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Jumbo Package: Alabama wins by five TDs, fans find reason to complain

Your latest Crimson Tide news and notes.

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NCAA Football: Alabama at Arkansas Nelson Chenault-USA TODAY Sports

Happy Monday, everyone. Alabama took care of Arkansas and now move on to their so called “Battle Line” rival Missouri. Wrapping up the Hogs:

“They play a lot of sink. They play a lot of stuff where you’re going to throw the ball, so if they’re going to play it, we’re going to throw it,” Saban said. “It don’t matter. I don’t care how we score. Do you get points for running more than passing? ... It don’t matter to me.”

“We made a lot of mistakes on defense today,” he said. “We didn’t play very well as a unit...We are going to play a lot better offensive teams. We are going to play a lot better offensive team this week -- one of the best offensive teams in the country in Missouri -- so we just need a lot of guys to have a little more focus, a little more discipline, a little more confidence in believing that if they do the job that we want them to do it they are going to the best chance to be successful.”

Then Saban paused.

”You got to give Arkansas a lot of credit,” he continued.

After all, the Razorbacks did the Tide a favor by showing Saban and his staff what Alabama must fix in order to avoid potential trouble down the road.

Now, the offense is more like some fierce pack of velociraptors — Hawaiian ones, if you prefer — that hits you so hard and so fast that by the time that you see them coming, they’ve removed your left lung and are coming back for your solar plexus.

It’s great entertainment, and highly effective, but allows little time for oxygen on the defensive sideline. Arkansas ran 71 plays and had almost 33 minutes of possession time. They still couldn’t keep pace, but perhaps a more dangerous offensive opponent could. Arkansas was a play or two away, not from winning, but from at least making things interesting.

It was refreshing to hear that quote from Saban about running vs. passing. Compare that with his comments after the Texas A&M game about “having to be able to run the ball” after the offense stubbornly ran into a brick wall for much of the afternoon. Modern offense is about reading what the defense is giving you and taking it. Thus far, teams are still choosing to commit extra resources to the run while Tua Tagovailoa is having a historic season throwing the ball. You have to believe that somebody will clue in at some point and choose the death by a thousand cuts route.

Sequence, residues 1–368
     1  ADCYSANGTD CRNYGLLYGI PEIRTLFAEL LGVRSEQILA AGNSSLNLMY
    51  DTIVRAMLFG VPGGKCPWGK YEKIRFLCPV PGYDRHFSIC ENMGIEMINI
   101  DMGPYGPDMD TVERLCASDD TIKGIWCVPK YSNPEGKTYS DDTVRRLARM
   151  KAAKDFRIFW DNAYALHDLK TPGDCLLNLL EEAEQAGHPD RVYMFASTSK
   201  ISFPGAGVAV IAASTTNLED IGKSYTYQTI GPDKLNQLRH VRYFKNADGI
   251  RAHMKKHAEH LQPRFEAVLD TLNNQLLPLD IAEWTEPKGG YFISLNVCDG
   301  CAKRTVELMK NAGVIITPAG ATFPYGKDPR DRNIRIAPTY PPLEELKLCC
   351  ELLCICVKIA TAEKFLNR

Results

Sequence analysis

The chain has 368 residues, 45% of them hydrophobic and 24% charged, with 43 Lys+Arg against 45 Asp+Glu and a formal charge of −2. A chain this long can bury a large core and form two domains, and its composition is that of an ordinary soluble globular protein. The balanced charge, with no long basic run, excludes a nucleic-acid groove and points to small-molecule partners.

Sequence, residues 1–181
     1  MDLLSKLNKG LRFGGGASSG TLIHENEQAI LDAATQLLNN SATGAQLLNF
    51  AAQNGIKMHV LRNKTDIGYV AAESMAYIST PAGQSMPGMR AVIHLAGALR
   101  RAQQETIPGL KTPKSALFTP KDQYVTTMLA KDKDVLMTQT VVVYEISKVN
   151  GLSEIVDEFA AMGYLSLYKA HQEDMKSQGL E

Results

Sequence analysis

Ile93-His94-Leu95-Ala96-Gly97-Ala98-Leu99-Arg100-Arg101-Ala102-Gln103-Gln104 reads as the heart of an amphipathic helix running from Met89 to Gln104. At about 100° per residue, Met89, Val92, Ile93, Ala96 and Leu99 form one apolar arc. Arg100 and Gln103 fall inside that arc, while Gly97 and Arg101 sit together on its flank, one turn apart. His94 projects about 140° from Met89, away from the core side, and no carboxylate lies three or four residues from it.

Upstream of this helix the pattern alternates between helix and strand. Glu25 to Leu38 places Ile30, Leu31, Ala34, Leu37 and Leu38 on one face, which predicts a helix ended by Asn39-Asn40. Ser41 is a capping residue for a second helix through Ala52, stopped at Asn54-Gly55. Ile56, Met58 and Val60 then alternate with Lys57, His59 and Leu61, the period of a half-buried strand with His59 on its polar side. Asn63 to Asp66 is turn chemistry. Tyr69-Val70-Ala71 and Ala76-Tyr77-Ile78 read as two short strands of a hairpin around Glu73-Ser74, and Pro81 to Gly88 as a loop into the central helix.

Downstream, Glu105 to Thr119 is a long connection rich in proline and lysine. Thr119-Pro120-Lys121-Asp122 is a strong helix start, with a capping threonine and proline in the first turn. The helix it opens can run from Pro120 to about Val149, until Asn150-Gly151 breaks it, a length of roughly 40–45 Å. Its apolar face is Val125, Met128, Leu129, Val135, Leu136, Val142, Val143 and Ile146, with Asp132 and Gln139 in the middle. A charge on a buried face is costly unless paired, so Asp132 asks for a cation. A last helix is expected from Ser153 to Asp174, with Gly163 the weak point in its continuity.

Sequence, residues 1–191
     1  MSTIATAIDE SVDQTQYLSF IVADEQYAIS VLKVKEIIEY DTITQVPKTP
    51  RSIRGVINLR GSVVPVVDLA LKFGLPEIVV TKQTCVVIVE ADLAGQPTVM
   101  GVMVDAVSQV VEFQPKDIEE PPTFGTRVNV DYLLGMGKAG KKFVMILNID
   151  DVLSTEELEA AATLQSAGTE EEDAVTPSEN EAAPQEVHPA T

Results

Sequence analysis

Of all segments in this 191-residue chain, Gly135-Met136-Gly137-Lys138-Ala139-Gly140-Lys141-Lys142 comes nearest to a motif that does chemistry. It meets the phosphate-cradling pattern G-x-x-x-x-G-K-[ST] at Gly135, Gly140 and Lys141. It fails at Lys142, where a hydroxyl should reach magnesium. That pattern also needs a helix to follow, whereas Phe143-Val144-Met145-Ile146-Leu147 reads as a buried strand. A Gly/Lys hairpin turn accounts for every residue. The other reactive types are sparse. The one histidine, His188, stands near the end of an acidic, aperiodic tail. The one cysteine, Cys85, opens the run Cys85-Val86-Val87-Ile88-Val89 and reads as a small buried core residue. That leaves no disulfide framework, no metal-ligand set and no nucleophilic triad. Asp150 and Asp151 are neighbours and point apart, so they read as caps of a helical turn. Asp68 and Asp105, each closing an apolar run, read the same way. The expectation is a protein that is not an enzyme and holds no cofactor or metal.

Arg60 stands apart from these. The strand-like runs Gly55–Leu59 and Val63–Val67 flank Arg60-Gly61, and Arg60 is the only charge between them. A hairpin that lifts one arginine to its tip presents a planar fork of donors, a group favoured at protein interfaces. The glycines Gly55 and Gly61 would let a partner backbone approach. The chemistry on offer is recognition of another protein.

On the defense, the hand-wringing is a bit much. Yes, Chad Morris figured out a way to use misdirection and gain more yards than Alabama fans are comfortable with. As Rainer notes, the coaching staff now has some exposed weaknesses to show on film. We will do some film work on that later in the morning, but it certainly isn’t something to be alarmed about at this point, especially since the offense had exactly three possessions that didn’t end in a score, two of which ended the halves.

Cecil has a great point as well about the offense scoring so quickly. The defense doesn’t have a lot of depth so fatigue could be an issue, but with greener players in so many key roles, the lack of time on the sideline between possessions to look at film and make corrections on the fly is more critical. Talk about your good problems to have.

Last, the entire second half of that game was played in garbage time. Talk all you want about how they should all be able to maintain their intensity and focus, etc. but they are human beings. It’s human nature for the foot to subconsciously come off the gas a little bit once a game is out of hand.

On Tua:

Tua hasn’t had a single-game efficiency rating of lower than 223 yet this season, which is preposterous. Last two games were 316.90 against Louisiana and 394.27 Saturday against Arkansas — not far off the NCAA single-game record of 404.

The biggest threat to Tagovailoa breaking the season record may be getting enough pass attempts. To qualify he has to average 15 attempts per game, and at present he’s barely over that at 16.8. The main reason why: He hasn’t attempted a fourth-quarter pass all season because all of Alabama’s games have been so far out of hand by that point. Presumably he will get to play a full game a few times in the season’s back half. As it stands, Tua also is on pace to break NCAA single-season records for yards per attempt (14.8) and completion percentage (75.2, tied for best in the nation with Colorado’s Steven Montez).

Dude is on pace to break all of the NCAA efficiency metrics. The Tide scored TDs on seven of his nine possessions again on Saturday, and one of those was the end of the first half.

This week’s game is another projected blowout.

The betting line is out for this weekend’s matchup between Alabama and Missouri, and the defending champions are more than a four-touchdown favorite over its seventh opponent of the season.

The Crimson Tide is considered a 29.5-point favorite over the Tigers, per

The 31 points allowed to Arkansas undoubtedly affected this line. There is no reason to think that a Mizzou defense that has somehow been worse than Arkansas against the pass will hold this offense under 70 if Drew Lock and company up enough points to keep them firing. I don’t know what the over in this game will be, but anything below 70 seems like a slam dunk.

Jordan Davis re-committed to Alabama after getting what he needed academically in junior college.

Davis was a four-star WDE prospect in the 2018 class originally.

[ED. NOTE: Davis will be part of the 2020 class and should be an early enrollee joining the team in December 2019. One correction: Davis plays WkDE. ~ CB969]

Some #BuiltbyBama for you:

Mark Barron returned from injury for the Rams as well.

That’s about it for today. Have a great week.

Roll Tide.